Le Smoking

Yves Saint Laurent has been throwing shade since he was a wee thing

Documentaries about fashion may seem tailored for a specific audience -- one that can actually afford haute couture, or perhaps an audience attuned to the bitches, er, personalities of the fashion world. But the story of Yves Saint Laurent should be fascinating to anyone who wears clothes. This weekend, the Museum of Fine Arts, Houston will screen two documentaries on Saint Laurent, the titan of '60s and '70s fashion who retired in 2002. The first, Yves Saint Laurent: His Life and Times, is essentially a biography. The film is a series of interviews intercut with still photos and historical footage. Growing up in Oran, Algeria, Saint Laurent informed his aunt that her dress and shoes didn't match -- he was three years old at the time. By 20, Saint Laurent was in control of the fashion house of Christian Dior, from which he was fired in 1962 after suffering a nervous breakdown following a disastrous stint in the French Army. That same year, Saint Laurent bounced back, creating his own fashion house with the help of his partner and lover, Pierre Berge.

The second film, Yves Saint Laurent: 5, Avenue Marceau, 75116 Paris, is a chronicle of the designer's last collections. Focusing on Saint Laurent's dealings with seamstresses and models during fittings, the film showcases his deep love for women. It includes a scene with actress Catherine Deneuve, whose life was especially touched by Saint Laurent.

Ultimately, maybe, we've all been touched by Saint Laurent's career. Anyone who started smoking in the '80s knows the initials YSL. YSL: His Life and Times, 7 p.m. Friday through Sunday, March 5 through 7. YSL: 5, Avenue Marceau, 75116 Paris, 1 p.m. Saturday, March 6; 5 p.m. Sunday, March 7. Brown Auditorium, 1001 Bissonnet. $6. -- Troy Schulze

Yves Saint Laurent: His Life and Times
Courtesy of Empire Pictures USA
Yves Saint Laurent: His Life and Times
The Butterfly Garden at Bayou Bend
Courtesy of the Museum of Fine Arts, Houston
The Butterfly Garden at Bayou Bend
Self-portrait, c. 1936
©2003 Artists Rights Society new York
Self-portrait, c. 1936
Indian dreams
Al Cameron
Indian dreams

 

Sty Style

Contrary to Bayou City legend, Miss Ima Hogg did not have a sister named Yura or a brother named Heesa. But she did have a lovely home, Bayou Bend, around which she transformed "nothing but a dense thicket" into some of the most beautiful gardens in town. This mega-backyard is a mainstay on the Azalea Trail, a seven-stop tour devoted to royal rhododendrons and the ladies and lads who love them. Other stops include Rienzi and the River Oaks Garden Club Gardens, as well as several private residences. 11 a.m. to 6 p.m. Saturdays and Sundays, March 6 through March 14. For a complete listing of locations, call 713-523-2483 or visit www.riveroaksgardenclub.org. $5 for single admission; $20 for admission to all seven sites. -- Keith Plocek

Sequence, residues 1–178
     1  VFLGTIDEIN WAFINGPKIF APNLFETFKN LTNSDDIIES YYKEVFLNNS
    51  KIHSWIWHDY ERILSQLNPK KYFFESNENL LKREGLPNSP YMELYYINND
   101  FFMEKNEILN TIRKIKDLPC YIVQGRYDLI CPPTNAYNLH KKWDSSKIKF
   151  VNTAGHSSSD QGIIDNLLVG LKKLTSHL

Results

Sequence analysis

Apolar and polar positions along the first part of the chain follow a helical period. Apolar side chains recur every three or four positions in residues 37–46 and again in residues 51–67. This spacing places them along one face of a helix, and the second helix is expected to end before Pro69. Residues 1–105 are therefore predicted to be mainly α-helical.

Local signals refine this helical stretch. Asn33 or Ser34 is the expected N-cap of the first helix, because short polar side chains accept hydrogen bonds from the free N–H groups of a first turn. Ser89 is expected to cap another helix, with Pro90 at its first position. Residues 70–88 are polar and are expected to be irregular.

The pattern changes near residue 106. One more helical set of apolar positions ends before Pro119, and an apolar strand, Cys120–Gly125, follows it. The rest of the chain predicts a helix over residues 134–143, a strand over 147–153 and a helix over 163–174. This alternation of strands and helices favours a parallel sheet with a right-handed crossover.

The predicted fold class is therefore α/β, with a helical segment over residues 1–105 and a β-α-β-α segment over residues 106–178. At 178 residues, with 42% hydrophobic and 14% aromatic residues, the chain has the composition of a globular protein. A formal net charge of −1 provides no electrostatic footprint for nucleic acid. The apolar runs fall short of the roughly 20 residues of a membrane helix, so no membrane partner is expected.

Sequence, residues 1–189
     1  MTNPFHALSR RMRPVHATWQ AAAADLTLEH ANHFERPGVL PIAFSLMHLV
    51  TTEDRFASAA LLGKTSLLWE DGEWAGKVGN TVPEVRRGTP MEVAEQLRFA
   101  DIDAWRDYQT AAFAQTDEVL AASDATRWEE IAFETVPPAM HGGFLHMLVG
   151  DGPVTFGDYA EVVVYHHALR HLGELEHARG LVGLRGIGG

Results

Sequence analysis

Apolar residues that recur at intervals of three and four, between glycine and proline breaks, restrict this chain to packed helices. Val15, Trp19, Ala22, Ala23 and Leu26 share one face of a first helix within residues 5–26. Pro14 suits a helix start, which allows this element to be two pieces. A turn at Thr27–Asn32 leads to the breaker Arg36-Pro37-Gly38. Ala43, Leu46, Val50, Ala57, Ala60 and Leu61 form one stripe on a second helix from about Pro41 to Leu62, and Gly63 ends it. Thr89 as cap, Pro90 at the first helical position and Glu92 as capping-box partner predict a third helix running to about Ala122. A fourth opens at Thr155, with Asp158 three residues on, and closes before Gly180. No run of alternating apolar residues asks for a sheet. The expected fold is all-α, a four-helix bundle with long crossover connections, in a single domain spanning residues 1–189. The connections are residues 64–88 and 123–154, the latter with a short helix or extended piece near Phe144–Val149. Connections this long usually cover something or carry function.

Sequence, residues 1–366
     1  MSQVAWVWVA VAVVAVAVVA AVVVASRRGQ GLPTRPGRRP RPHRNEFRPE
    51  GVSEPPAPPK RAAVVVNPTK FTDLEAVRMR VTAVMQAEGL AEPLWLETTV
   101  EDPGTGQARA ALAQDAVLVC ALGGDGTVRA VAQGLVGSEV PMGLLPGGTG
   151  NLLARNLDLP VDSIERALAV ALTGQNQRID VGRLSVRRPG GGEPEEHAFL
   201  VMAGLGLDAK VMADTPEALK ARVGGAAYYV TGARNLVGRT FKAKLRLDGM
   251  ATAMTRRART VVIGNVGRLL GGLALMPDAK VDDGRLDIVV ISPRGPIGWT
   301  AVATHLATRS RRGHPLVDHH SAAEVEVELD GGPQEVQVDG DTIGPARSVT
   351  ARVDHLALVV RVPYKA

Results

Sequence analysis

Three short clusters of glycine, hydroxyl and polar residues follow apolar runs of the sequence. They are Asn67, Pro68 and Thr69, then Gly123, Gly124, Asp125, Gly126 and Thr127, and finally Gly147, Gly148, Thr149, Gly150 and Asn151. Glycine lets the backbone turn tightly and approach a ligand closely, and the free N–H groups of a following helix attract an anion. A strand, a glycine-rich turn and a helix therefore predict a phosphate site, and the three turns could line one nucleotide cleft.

Poet of the People

MON 3/8

As a former tenant lawyer, Martín Espada has no problem inserting politics into his poetry. He dreams of hijacking a busload of Republican tourists; he wishes la migrawould arrest white people as suspected immigrants from Canada; he sings for the Zapatista movement; he ponders the case of Mumia Abu-Jamal. And he does it so well. While his short poems pack the delicate power of a ninja's punch -- "A lone sheep cries out: / There are more of us than them! / The flock keeps grazing" -- his longer works sing and sing and sing with subtle repetition of words and themes. The downtrodden, the oppressed, the hungry -- these are the characters who populate his powerful verse. He reads with Ellen Bryant Voigt at 7:30 p.m. Monday, March 8. Alley Theatre, 615 Texas. For information, call 713-521-2026 or visit www.inprint-inc.org. $5. -- Keith Plocek

Back to Basics
You don't have to be a killer draftsman to make great art, but it helps

THU 3/4

As Arshile Gorky said to his art students over and over again, the essence of painting is drawing. But around the time he was saying it, that idea was quite unfashionable. Modern art was all about spontaneity -- who else but Gorky had time to work with pencil and paper when there were giant canvases to be dripped on? Now you have the chance to see how powerful, modern and even abstract mere graphite lines can get when "Arshile Gorky: A Retrospective of Drawings" opens at the Menil Collection. The work is best known for its swelling, organic forms, but Gorky was also a master of realism. No one draws the folds and creases of a shirt as well as he did. Opening preview: 6:30 p.m. to 8:30 p.m. Thursday, March 4. Exhibit runs from Friday, March 5, through May 9. 11 a.m. to 7 p.m. Wednesdays through Sundays. 1515 Sul Ross. For information, call 713-525-9400 or visit www.menil.org. Free. -- Lisa Simon

Was Grandma a Cherokee Princess?

Perhaps you've got that one ancestor who made a mean corn fritter and didn't come over from Europe. Or maybe you read In the Spirit of Crazy Horse in high school and it struck a chord. Then again, maybe you had a feeling of connectedness you just couldn't shake that time you visited Mohegan Sun to play blackjack. Whatever the source of your curiosity, this week's Cherokee Nation History course will satisfy your need to know what life was like in pre-Thanksgiving America. 9 a.m. to 6 p.m. Saturdays and Sundays, from March 6 through March 21. Rice University, Shell Oil Auditorium, 6100 Main. For information and registration, call 918-456-0671, extension 2389 or visit www.cherokeeshouston.org. Register by Thursday, March 4. $10. -- Lisa Simon

 
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